The first-ever published survey of the wild pig distribution in Canada has found a rapid expansion in the invasive species’ range, which is increasing by nine per cent a year.
“Wild pigs are ecological train wrecks. They are prolific breeders making them an extremely successful invasive species,” said Ruth Aschim, a PhD student who led the research published today in Nature Scientific Reports. “Wild pigs can cause soil erosion, degrade water quality, destroy crops, and prey on small mammals, amphibians and birds.”
Wild boar were brought from Europe in the late 1980s and early 1990s to diversify Canadian livestock production. Others were imported as ‘penned game’ for shooting.
The hybrid wild pigs have rapidly multiplied and spread, making them the most prolific invasive mammal in Canada.
By 2017, they had spread exponentially across Canada, from British Columbia to Ontario and Quebec, with the majority in the south-central half of Saskatchewan. Their territory has increased by 88,000 square kilometres per year, on average, over the last decade.
Concentrated on the Canadian prairies, wild pigs currently have a range of over 750,000 square kilometres, the USask research found. The researchers found the territory of a male wild pig can be as large as 300 square kilometres in the summer, with sows covering up to 230 kilometres.
The research team, based in USask’s animal and poultry science department in the College of Agriculture and Bioresources, has mapped the pigs’ range as it expands since their initial introduction onto the landscape in the early 1990s.
Their maps, published alongside the USask research, show that wild pigs are now firmly established in Saskatchewan, Alberta, and Manitoba, with populations scattered in B.C., Ontario and Quebec.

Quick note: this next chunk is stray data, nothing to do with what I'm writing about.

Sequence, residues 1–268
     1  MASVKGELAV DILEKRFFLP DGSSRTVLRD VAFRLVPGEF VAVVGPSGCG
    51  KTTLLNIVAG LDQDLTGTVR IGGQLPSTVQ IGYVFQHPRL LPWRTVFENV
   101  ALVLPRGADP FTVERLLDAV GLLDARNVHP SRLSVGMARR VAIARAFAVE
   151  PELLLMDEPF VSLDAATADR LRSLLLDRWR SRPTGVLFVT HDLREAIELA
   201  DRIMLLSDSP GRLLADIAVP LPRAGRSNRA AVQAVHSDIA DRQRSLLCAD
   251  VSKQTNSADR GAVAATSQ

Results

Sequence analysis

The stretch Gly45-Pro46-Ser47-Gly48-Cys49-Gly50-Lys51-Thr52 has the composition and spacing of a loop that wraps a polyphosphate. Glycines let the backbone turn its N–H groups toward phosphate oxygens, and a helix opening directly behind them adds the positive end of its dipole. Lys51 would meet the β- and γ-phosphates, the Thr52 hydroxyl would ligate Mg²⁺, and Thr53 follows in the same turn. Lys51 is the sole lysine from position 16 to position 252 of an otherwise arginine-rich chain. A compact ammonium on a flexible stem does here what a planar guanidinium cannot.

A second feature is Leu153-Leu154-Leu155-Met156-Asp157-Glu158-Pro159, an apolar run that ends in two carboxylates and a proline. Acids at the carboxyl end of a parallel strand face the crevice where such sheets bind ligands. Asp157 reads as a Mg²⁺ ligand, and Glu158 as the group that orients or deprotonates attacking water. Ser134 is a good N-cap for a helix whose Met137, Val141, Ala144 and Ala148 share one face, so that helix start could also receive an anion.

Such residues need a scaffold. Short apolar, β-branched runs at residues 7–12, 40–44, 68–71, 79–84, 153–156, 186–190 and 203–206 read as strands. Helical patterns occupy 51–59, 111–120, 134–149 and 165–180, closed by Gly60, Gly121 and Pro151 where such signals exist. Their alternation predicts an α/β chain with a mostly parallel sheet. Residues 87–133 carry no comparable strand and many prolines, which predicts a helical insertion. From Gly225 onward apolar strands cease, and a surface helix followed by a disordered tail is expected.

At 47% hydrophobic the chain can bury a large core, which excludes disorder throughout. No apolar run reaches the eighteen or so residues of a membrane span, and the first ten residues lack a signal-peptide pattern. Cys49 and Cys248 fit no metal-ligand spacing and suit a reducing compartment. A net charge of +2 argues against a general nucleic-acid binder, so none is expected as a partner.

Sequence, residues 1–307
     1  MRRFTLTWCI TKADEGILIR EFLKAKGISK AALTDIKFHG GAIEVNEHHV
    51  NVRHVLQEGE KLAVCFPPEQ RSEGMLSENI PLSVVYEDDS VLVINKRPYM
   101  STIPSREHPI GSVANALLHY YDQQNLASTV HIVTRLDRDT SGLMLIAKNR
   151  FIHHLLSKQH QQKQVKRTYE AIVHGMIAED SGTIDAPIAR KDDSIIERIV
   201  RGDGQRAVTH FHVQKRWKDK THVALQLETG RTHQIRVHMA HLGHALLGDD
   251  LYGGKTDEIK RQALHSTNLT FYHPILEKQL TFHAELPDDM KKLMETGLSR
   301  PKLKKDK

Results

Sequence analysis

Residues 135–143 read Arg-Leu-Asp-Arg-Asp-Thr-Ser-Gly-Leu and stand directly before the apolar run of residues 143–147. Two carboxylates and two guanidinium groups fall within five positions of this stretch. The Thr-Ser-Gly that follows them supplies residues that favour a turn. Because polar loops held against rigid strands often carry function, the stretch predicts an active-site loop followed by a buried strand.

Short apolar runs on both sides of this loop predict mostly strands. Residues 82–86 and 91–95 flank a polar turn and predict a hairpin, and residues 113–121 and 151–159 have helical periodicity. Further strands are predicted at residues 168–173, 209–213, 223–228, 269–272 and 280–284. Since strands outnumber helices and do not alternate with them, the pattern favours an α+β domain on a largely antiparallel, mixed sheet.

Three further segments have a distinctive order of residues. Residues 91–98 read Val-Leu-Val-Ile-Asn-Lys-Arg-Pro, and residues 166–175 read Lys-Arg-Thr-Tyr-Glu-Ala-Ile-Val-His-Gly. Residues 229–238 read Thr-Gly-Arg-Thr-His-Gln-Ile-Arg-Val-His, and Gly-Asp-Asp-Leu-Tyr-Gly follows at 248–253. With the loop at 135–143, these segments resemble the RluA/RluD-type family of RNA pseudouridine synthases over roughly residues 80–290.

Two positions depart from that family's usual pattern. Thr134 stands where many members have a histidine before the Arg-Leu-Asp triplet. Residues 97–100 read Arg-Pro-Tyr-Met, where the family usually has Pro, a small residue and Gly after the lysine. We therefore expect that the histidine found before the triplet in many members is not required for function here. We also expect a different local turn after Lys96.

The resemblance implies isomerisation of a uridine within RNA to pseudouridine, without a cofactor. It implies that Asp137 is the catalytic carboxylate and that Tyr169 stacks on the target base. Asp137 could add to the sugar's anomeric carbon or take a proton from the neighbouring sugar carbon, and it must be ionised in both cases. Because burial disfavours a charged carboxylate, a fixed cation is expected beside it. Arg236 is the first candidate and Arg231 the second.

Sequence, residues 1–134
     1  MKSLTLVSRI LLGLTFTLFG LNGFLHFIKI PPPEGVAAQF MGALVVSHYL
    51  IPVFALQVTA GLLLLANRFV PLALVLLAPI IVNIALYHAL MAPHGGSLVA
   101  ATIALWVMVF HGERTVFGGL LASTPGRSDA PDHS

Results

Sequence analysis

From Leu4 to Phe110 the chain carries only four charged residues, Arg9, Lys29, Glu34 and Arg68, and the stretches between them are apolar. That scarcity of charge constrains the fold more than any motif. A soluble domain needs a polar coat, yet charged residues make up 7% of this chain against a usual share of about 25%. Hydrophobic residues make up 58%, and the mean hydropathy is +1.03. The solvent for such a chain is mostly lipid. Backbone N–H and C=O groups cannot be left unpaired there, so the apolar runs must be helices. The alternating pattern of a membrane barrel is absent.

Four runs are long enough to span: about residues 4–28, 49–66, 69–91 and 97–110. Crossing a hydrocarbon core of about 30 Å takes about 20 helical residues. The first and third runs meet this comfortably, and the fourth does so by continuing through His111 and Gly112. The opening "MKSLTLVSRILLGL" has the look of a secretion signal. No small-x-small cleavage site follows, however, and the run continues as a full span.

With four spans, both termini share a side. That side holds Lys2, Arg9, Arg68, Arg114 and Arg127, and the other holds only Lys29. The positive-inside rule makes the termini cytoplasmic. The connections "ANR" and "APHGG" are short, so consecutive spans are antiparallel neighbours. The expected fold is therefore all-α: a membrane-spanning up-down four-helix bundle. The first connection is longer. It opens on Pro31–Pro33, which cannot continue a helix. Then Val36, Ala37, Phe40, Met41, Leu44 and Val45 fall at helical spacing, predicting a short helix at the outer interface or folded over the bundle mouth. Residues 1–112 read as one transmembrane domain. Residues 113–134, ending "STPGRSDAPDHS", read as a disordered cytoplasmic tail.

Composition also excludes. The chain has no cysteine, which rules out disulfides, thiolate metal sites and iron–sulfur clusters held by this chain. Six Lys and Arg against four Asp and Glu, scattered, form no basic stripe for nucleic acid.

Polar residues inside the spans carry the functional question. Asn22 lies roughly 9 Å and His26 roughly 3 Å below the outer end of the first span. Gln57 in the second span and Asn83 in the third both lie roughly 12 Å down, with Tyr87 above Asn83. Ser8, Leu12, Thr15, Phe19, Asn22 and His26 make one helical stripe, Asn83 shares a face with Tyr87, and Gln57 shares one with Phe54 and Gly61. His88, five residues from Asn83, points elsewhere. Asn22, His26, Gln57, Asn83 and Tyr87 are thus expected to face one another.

Newfoundland and Labrador, New Brunswick, Prince Edward Island, Nova Scotia, the North West Territories, the Yukon, and Nunavut do not currently host wild pig populations. A group of escaped wild pigs in the Yukon were removed last summer.
Wild pigs typically weigh between 120 and 250 pounds. They have around six piglets per litter, per year.
They are adapted to very cold temperatures, and can breed in any season, living in pigloos burrowed into the snow. Sexually mature within four-to-eight months, they feed on all common types of farmers’ crops, including corn, wheat and canola. They also eat insects, birds, reptiles and small mammals.
“The growing wild pig population is not an ecological disaster waiting to happen—it is already happening,” said USask’s Ryan Brook, lead researcher for the Canadian Wild Pig Project, a Canada-wide research program, and Aschim’s supervisor.
“Wild pigs are so widespread that they are a major challenge to control in Canada and eradication is only possible with a comprehensive plan to deal with this highly efficient invasive species. In Saskatchewan they are already posing significant risks to agriculture and livestock production. Our mapping of their expanding territory shows just how quickly they are spreading. This is a rapidly emerging crisis.”
The USask research team surveyed the pig distribution using eight different complementary monitoring methods, including capturing and fitting tracking collars to wild pigs, trail cameras, surveying hunters, government staff, and farmers, and getting the public to report sightings. The team did not record wild pig numbers in this project.
“Wild pigs are able to survive and thrive in a wide range of environments and climates,” said Aschim. “They are omnivores, very adaptable and are able to rapidly expand their range into unoccupied areas.”
Farmers have reported wild swine raiding farms, scattering, frightening, and interacting with livestock, destroying crops and eating hay bales and grain. They can also be destructive and use their long noses and thick strong necks to root up soil and vegetation, degrading habitat, and tearing up ground set aside for conservation purposes.
Their main range is on agricultural areas south of Saskatchewan’s boreal forest.
Wild pigs can adapt to almost any climate, from North Africa to Russia and Canada, and now have the widest distribution of any large mammal on earth. They thrive in the U.S. and Australia and have been documented in the Galapagos Islands. They cost U.S. agriculture more than one billion U.S. dollars per year.
The research was funded by the U.S. Plant and Animal Health Inspection Service, National Feral Swine Damage Management Program (U.S. Department of Agriculture), Saskatchewan Fish and Wildlife Development Fund, University of Saskatchewan, Natural Sciences and Engineering Research Council (NSERC), and the Cyril Capling Trust at USask.